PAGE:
Monday, 6 April 2015

Red Chalk Drawing: Comparing Modern Alternatives with the Real Thing.

Michael Whynot. Red chalk.


Michael Whynot. Red chalk.

I am a big admirer of red chalk drawings from the renaissance. So much so, that it is my preferred drawing medium. But it's not as simple as that. The drawings made during the renaissance were actual red chalk, while what we usually draw with today are modern equivalents.

And they are not all created equal. There are red chalk-like alternatives made by Conte, Faber-Castell, and Prismacolor Verithins to name just three of the brands that I have tried personally. And they all have their faults and advantages.

Conte is very soft and makes achieving dark values easy. But I find that the binder used to bind the pigment is too oily and getting fine detail is difficult in smaller drawings.

The Prismacolor and Faber-Castell brands use a waxy binder that makes it easier to get fine details but hard to get a dark value.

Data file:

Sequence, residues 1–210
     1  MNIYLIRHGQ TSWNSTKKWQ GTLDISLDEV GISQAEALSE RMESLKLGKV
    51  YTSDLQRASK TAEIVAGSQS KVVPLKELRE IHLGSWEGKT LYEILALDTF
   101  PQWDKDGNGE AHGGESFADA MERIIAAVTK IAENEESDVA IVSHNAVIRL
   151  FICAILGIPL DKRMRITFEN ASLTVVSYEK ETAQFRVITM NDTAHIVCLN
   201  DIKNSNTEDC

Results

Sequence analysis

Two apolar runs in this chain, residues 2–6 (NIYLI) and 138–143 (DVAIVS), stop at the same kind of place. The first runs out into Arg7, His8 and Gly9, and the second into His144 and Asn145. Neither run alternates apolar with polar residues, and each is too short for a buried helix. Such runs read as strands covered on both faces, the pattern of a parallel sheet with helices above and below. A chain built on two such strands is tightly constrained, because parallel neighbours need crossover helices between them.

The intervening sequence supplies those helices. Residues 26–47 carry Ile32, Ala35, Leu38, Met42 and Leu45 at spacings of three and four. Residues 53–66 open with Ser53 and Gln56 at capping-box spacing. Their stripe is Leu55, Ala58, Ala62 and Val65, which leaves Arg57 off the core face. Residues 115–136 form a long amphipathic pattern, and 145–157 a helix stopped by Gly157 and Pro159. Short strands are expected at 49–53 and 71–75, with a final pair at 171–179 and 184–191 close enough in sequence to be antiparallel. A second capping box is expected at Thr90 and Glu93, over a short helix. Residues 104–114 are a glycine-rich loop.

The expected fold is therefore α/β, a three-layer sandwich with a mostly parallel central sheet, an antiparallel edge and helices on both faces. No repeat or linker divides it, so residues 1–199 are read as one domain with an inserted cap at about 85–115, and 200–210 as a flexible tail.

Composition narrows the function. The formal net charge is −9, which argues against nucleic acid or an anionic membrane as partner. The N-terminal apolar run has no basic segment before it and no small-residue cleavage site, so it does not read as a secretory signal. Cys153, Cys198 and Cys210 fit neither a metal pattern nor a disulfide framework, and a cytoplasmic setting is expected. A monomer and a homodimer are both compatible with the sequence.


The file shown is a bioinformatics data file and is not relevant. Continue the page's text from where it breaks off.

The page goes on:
I have started using natural sanguine recently, which is an actual red chalk that comes in chunks which need to be cut or sanded into a convenient shape for drawing.

The first drawing above was made with a Faber-Castell pencil and the bottom was made with real red chalk. The red chalk is much drier than any of the man-made pencils, but not as easy to work with. It tends to be inconsistent from one piece to another. Some can be very crumbly while others are too hard. But I like the feel of it, when you get a good chunk; it has a nice pull against the paper. And gaining a dark value is easy. Fine detail, though, is also difficult to achieve with smaller drawings.

It will take some getting used to, but the real red chalk gives a glowing aspect to a drawing that seems to be missing from the man-made alternative. I like its rich, vibrant warmth.